WILL WADE: “I hope so. I think we can play big. I think we can play small. We’ve messed with some pressing. We’re able to press a little bit, get up and down the court, create some tempo. We spent some time working on some zone so we could change up and have a little bit better change-up defense. Our 1-3-1 was pretty good last year. We didn’t have more of a traditional — 1-3-1 is pretty much all or nothing. They’re either going to miss a corner three, they’re going to get a steal or they’re going to dunk it. There’s not a whole lot in between with that defense.
“We’ve got a little bit more of a traditional 2-3 and some different variations of that. I think we’ll certainly be able to guard different ways. I think our players, we can mix and match them a little bit, a little bit different. We’re not going to be undersized at the 4, which will help, which will help with our rebounding, and so I do think we can play a bunch of different ways. We can play really fast, we can get into a tractor pull and play in the high 50s, low 60s if we needed to, as well, although we want to get going.”
Q. When you first started practice you talked about you weren’t worried about the offense, you were going to be able to score, but you were worried about the defense —
WILL WADE: “I’m still not worried about our offense, but I have heightened worries about our defense.”
Q. How difficult is it for the new guys, the freshmen who you talked about high school basketball where I’m sure they don’t have to play much defense —
WILL WADE: “Well, the biggest difference is we’re not playing solitaire, so it’s a team — you’ve got to have team defensive concepts. It’s not necessarily just one-on-one. And so we’ve got — just get — the biggest thing we’ve got to focus on is our guys know their jobs, now we’ve got to get them to work as one and act as one and play as one defensively because every time that ball moves, every time that ball is dribbled, everybody has got a job to do, and everybody should be moving.
“Our guys know what they need to do. Our point-of-attack defense has got to get a lot better on the ball, being able to maneuver through ball screens and just not get whipped on the ball, not give up middle so much and just let them come down the middle of the lane. You know, we’d certainly have more shot blocking back there, but we don’t want to just invite people to come to the rim where we’ve got to block shots. That’s an area where we’ve got to continue to get better and continue to improve.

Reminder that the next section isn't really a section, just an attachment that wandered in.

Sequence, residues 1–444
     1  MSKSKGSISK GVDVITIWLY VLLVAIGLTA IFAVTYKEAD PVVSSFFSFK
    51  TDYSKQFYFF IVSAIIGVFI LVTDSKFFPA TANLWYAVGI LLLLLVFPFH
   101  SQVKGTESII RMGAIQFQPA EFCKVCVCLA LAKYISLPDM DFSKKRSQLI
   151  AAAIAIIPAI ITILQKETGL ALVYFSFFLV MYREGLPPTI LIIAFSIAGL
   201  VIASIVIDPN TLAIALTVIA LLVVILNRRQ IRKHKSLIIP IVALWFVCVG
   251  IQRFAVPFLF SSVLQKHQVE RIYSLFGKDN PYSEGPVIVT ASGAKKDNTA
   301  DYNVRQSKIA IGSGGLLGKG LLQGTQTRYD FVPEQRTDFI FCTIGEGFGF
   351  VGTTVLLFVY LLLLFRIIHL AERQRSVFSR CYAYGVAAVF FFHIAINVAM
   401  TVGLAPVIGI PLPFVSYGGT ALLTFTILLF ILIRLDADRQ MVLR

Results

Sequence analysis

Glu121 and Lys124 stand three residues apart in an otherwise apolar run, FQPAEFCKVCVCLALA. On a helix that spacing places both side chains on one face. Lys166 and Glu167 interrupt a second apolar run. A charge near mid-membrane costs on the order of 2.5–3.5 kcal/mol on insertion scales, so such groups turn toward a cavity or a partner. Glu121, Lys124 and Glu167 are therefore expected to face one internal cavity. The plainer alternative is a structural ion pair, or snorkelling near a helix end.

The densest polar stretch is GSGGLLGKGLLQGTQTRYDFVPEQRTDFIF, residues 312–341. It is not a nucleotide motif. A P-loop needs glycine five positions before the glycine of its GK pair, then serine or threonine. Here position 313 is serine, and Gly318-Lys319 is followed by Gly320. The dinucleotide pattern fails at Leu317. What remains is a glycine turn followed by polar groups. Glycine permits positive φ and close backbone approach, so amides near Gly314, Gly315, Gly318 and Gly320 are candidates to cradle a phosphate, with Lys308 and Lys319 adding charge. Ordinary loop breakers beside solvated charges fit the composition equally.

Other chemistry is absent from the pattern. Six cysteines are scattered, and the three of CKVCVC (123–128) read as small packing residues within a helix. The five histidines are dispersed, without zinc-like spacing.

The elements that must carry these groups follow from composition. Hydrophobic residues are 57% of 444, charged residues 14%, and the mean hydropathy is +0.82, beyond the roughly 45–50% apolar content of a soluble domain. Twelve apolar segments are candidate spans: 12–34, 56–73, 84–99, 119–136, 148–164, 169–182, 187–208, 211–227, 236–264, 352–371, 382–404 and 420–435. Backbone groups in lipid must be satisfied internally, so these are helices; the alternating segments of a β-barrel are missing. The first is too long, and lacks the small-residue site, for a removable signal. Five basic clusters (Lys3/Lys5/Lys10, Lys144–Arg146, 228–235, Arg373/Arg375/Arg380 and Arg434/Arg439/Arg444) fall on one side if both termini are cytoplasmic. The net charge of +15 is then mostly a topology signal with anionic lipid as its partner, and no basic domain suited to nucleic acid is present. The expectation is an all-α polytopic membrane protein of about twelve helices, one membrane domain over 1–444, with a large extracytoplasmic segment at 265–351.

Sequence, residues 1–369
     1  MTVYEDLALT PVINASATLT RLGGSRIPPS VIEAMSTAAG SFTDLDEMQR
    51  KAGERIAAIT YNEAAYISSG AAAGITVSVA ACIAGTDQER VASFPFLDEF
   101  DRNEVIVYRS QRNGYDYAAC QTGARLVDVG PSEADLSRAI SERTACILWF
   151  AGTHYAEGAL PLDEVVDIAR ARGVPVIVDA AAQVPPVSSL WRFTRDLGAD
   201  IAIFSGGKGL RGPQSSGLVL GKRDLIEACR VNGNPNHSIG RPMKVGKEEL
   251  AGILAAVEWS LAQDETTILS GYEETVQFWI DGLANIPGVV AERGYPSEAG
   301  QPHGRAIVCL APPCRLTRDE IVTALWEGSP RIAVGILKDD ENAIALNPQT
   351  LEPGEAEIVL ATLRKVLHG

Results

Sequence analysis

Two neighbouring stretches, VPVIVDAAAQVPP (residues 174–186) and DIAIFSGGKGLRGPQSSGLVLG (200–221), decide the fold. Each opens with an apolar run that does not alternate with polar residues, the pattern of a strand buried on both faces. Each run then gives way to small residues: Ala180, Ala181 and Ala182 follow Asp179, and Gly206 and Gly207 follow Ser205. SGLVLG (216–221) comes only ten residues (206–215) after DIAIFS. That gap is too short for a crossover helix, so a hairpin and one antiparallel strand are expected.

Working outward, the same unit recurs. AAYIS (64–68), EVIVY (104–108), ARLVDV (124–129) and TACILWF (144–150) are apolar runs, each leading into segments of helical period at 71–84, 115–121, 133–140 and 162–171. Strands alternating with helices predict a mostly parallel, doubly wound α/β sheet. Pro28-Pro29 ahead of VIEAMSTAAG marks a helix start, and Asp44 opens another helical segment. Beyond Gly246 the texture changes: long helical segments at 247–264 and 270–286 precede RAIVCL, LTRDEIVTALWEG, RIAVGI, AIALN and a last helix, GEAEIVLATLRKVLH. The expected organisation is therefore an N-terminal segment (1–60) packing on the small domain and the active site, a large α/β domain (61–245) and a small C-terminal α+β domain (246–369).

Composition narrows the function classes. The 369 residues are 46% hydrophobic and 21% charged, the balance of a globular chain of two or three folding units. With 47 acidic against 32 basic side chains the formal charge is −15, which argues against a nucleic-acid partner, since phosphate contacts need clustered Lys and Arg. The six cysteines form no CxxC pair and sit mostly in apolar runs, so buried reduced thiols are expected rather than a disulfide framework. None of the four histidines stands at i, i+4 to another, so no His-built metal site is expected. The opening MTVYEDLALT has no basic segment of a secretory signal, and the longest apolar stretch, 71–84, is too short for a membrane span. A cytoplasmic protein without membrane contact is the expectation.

“I like our guys’ effort on the defensive end. We’re trying hard. We’ve just got to try hard and have a little bit better attention to detail and have a little bit better habits with our close-outs and with what we’re doing.”
Q. You mentioned paint defense; just how big of a role is Kavell to you guys in the paint?
WILL WADE: “He is. We’ve got to keep the ball out of the paint. Our post defense is probably our weakest spot right now. We just let the ball inside too easily, and when that happens, there’s a lot of bad things that happen. Your defense has to collapse. You’re giving out kick-out threes, you foul a lot. That’s the main issue with our defense right now, I just think we’re going to foul a lot. So we’ve got to play without our hands. We’re got to move our feet. We’ve got to play lower. I tell our guys every day, we’ve got to play lower, we’ve got to play harder. The low man wins offensively or defensively. Whoever is lower is usually going to win, whether it’s rebounding, defense, whatever it is. So we’ve got to play lower defensively and be able to win some of those one-on-one match-ups.
“But I do think Kavell will help us in the back line, but we obviously don’t want to funnel everything to him and just ask him to block shots. When he comes over from the weak side to block a shot now, if he doesn’t get it, now you’ve got a guard who’s got to crack down on the weak side on a big to get the — it puts you in rotation defensively, which if he doesn’t block it, you give up tip dunks, you give up fouls, you’ve got Tremont checking out a seven-footer, which he can do and he’s improved that and done a good job, but it just puts you in some tough spots.”
Q. Just for you as a coach, how different is this year, I guess, to — when you have to handle a team that’s not sneaking up on you, there’s expectations, accolades. Do you have to treat it at all differently?
WILL WADE: “No, we coach them the same way. Its basketball players. We’re coaching them the same way. Everybody knew when we got into this, hey, this is what we all signed up for, and this is what we all want to do. We’re going to work hard every day to get better, and there’s certain expectations, there’s certain standards, and you’re going to rise up. It’s like I tell them all in recruiting, you become us, we don’t become you. That’s from Bill Belichick, not me. You become us. So this is who we are, this is what we do, and it’s your job to do what we do. If we become you, then we’ll take on some poor habits most of the time.”
Q. And then just how do you feel like the leadership on the team is developing? I know you’ve got Sky and Tremont but didn’t know if others were stepping up.
WILL WADE: “Yeah, I think Ja’vonte has certainly stepped up, Daryl is somebody who’s a good leader for us. We’ve got a good group of guys, good nucleus of guys.”